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How Mercer coach took long road to epic upset of Duke

Dan Wetzel
Yahoo Sports

Bob Hoffman is not in the Naismith Basketball Hall of Fame. He is not the coach of the U.S. Olympic Team. He hasn't written any best-selling books or had Fortune 500 companies employ him as a national spokesperson.

His first coaching job was in 1981 at Piedmont High School in rural Oklahoma. His college "break" was coaching the women's team at Division II Southern Nazarene University (Okla.). He moved on to lead the men at Oklahoma Baptist and Texas Pan American. He was a minor league coach in the ABA (Arkansas Aeros) and NBA Development League (Rio Grande Valley Vipers).

Since 2008, he's run the program at Mercer, a small school in Macon, Ga., that hadn't played in the NCAA tournament since 1985 and had never once won a game.

You want to talk about paying your professional dues?

On Friday afternoon, Hoffman struck a blow for everyone toiling away in basketball's badlands, riding buses through the plains and dreaming of a shot at "One Shining Moment."

Bob Hoffman's Mercer Bears 78, Mike Krzyzewski's Duke Blue Devils 71.

And an NCAA tournament already long on drama and excitement got its most prominent upset courtesy of a 56-year-old overnight sensation 33 years in the making. The joy wasn't limited to 14-seeded Mercer's rooting section. This one was toasted – as any Duke loss is – across the country.

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Bob Hoffman has been Mercer's coach since 2008. (Getty Images)

"You're never too old to celebrate," Hoffman said on CBS after the game. "Unbelievable what these dudes believe about each other and what they accomplished. That's the kind of heart it takes, and it's amazing what they've done the last three years, every day believing at the highest level. I'm just blessed to get to coach them and be with them every day.

"Praise the Lord."

Divine inspiration may have played a role, but some of the Bears' motivation and confidence came from a different source – its league rival and last year's March darling, Florida Gulf Coast University.

Mercer beat FGCU twice last season in Atlantic Sun Conference play: once by 14 points, the other time by 13. Then the tide turned in the A-Sun final – FGCU scored the victory and the league's automatic bid. It wound up in the Sweet 16, and "Dunk City" became the toast of the country.

The Bears sat at home and, well, fumed that it wasn't them.

"It was hard to watch," Mercer's Jakob Gallon said this week. "We know that had we been the team that got the bid, we probably could have done something similar. It was tough to watch."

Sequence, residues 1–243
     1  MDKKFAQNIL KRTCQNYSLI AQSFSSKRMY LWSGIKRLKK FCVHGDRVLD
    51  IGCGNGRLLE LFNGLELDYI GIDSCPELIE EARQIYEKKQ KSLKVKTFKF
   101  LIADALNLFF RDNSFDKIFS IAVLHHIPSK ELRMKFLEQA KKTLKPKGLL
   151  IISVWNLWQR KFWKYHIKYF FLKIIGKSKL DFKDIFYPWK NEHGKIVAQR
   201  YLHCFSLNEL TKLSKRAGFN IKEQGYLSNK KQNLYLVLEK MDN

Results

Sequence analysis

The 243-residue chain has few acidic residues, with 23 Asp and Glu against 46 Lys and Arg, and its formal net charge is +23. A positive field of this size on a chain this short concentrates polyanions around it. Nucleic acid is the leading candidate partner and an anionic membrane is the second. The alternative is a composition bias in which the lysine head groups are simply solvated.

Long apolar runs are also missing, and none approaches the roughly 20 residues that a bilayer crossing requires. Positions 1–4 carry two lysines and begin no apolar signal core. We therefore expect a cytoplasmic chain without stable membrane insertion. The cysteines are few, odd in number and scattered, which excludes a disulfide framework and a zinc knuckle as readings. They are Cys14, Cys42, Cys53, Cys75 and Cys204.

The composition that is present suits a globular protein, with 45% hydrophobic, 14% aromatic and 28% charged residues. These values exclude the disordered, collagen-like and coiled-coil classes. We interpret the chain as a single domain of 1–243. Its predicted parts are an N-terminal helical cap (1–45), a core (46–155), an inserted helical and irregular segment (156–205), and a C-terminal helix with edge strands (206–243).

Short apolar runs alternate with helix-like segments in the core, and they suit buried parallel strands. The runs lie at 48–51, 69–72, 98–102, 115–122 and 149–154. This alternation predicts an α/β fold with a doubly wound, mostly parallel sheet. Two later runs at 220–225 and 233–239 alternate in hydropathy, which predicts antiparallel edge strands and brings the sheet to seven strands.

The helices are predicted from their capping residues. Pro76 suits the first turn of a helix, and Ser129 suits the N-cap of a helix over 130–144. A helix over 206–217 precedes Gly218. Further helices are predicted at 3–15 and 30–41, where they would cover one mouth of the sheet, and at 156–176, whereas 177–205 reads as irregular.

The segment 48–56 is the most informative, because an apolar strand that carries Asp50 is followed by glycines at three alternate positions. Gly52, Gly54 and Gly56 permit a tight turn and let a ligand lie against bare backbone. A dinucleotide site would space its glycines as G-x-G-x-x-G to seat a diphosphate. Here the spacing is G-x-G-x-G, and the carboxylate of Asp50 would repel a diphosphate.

Hoffman stoked the anger into work. He says the focus on being this year's FGCU never wavered. They just buckled down harder and harder and harder.

"It's amazing the amount of work they put in however many days since we got beat by Florida Gulf Coast," Hoffman said on CBS. On Wednesday he had declared, "Our guys worked harder than any team in the country individually to get a chance to get back to the same moment."

Give a motivated, veteran team with seven seniors to an experienced coach such as Hoffman, who has been forced to craft teams under every imaginable scenario from colleges to the pros, and anything is possible.

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Jakob Gollonscored 20 points in Mercer's victory over Duke. (Getty Images)

Even beating the Blue Devils.

This wasn't just going toe-to-toe with Duke and its NBA talent, either. It was when the lonely, tight moments of crunch time came, actually closing out the game on a 20-8 run for a fairly relaxed victory.

This was a clinic even Krzyzewski appreciated.

"I applaud them," he said. "If we got [beat], at least we got beaten by a hell of a basketball team."

Mercer shot 55.6 percent from the floor and 82.1 percent from the foul line. It had assists on 16 of its 25 baskets. The Bears committed just eight turnovers. Team defense held Duke's mega-talented Jabari Parker to just four baskets. They were more poised and together.

This wasn't Cinderella playing out of its mind. It was an excellent, excellent team that just doesn't get much media exposure playing well enough to beat the national power at its own game.

"There is no way we overlooked them," Coach K said. "We had the utmost respect for them. … They're going to be tough to beat."

The Bears agree they aren't close to done. Hoffman and his guys didn't come this far to not think bigger.

"With these guys?" the coach said on CBS. "I don't know who's beating us."

Go ahead and meet the new America's Team, scoring one for the grind.

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